I have a feature called charge threshold in my laptop (It's pretty common for laptops to have them these days), it's like you set a limit to how much your battery gets charged once that limit is reached the adaptor turns cuts the supply and only resumes to charge again when the battery is reaches below some set limit. What I am interested in how does it actually works because when I switch off the charger and switch it back on what it does is it holds the charge of the battery if it hasn't reached the upper limit, ie. doesn't let the battery charge anymore or deplete.

So is it that the laptop is actually running on the charger? (As an charging adaptor can supply different power as per the demand) I looked for the specifications of my adaptor and it says it does operate at 65W (20V-3.25A), 45W (15V-3A), 18W (9V-2A), 10W (5V-2A). So can it run on the adaptor completely? I've uploaded an image in which it clearly shows that the battery is indeed inactive.

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Or is it just trickle charging the battery? It might be the case that the software isn't able to refresh as quickly as the battery switches between charging and discharging states. Also if the device was powered solely by charger then how is the extra current managed when I put it in sleep?

But then I happen to have a older laptop (8yrs old) which now runs solely on the charging adaptor as it's battery has lost the capacity to hold any charge, which I can easily put in sleep while on charge, the point I'm trying to make is that this is possible if the manufacturers intended. But then would love to know how.


1 Answer 1


One of the most enduring myths about electricity is that it works like water flowing through a pipe*. The power adapter isn't like a water pump that needs to be regulated depending on how much water is being consumed. Rather, it just provides a steady voltage up to a certain maximum current, and the internal laptop charge circuitry decides how much current to draw from the adapter and send to the battery.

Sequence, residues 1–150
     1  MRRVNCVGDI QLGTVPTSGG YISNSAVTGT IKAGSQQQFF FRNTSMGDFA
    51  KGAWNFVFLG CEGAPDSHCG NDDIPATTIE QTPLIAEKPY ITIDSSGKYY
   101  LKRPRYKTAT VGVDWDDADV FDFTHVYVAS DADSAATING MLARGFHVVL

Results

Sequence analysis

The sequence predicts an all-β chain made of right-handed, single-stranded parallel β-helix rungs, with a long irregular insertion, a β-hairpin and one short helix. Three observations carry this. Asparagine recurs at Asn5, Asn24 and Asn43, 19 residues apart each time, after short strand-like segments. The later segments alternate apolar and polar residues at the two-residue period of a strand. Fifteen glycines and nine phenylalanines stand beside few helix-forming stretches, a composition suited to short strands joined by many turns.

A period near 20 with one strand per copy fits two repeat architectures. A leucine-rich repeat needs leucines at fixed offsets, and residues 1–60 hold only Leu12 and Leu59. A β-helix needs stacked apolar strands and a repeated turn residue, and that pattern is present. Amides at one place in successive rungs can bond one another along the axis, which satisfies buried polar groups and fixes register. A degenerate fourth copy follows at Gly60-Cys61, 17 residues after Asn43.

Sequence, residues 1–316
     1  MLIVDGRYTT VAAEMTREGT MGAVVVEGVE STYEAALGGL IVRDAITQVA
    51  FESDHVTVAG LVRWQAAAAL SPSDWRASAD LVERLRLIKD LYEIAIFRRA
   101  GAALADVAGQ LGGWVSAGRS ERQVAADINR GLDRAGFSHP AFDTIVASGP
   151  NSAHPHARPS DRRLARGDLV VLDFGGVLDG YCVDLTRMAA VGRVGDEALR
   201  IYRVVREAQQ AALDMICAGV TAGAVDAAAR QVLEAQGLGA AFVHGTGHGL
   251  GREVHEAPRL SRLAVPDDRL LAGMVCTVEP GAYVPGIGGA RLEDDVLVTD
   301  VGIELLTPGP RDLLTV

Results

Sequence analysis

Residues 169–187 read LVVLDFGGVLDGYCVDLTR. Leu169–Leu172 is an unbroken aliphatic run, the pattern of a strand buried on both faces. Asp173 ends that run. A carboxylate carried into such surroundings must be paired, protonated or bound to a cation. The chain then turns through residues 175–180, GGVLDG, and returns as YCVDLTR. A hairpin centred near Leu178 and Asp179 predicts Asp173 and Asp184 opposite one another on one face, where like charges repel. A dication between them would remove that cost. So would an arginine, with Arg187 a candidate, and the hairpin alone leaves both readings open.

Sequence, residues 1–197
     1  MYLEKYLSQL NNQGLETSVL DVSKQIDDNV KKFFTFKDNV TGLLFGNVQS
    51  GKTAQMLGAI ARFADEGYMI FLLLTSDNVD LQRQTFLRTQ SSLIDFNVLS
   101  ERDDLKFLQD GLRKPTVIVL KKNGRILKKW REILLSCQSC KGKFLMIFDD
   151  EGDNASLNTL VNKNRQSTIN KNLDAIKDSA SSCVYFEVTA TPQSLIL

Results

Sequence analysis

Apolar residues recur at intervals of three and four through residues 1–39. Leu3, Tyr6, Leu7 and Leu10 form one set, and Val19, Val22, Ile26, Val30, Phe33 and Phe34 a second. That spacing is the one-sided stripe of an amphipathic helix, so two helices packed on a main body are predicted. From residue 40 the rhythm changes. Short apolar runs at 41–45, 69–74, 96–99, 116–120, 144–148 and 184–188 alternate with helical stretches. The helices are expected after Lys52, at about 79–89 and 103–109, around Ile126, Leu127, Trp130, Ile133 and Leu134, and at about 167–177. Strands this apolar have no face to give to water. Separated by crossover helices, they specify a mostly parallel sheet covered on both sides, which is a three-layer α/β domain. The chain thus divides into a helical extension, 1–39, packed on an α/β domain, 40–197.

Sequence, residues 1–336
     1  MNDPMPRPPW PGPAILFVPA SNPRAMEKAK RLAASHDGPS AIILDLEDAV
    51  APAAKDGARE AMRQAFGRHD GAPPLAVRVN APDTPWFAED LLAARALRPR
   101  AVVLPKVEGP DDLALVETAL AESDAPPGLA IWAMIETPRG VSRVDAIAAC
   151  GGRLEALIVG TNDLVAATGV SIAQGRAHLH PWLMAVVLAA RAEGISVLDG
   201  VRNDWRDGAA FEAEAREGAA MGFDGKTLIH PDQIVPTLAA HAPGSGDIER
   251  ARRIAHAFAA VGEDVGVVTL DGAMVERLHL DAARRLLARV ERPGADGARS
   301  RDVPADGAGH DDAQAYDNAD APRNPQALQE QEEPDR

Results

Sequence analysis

This is why it's important to get an adapter that's rated at or above the maximum current draw of the laptop. If you get one that's undersized, it will overheat from the laptop's draw, and could burn out or even start a fire.

So, yes, just like a desktop computer, a laptop can run just fine from its power adapter. In fact, laptops that have an externally-accessible battery will usually run just fine even if the battery is completely removed**. The charging circuitry will notice that the battery isn't there, and respond by not sending any current to the battery connectors.

*Yes, the water analogy can be useful in certain circumstances, which is how the myth got started, but in some ways electricity works very differently.

**Laptops with internal batteries tend to not let you do that. Depending on your view of computer manufacturers, you may view this as either a safety mechanism (so the laptop won't run if something's not hooked up right) or a money-making mechanism (forcing you to buy one of their batteries if you want to use your computer), but the point is that it's an artificial restriction, imposed by design, rather than something that happens "naturally".


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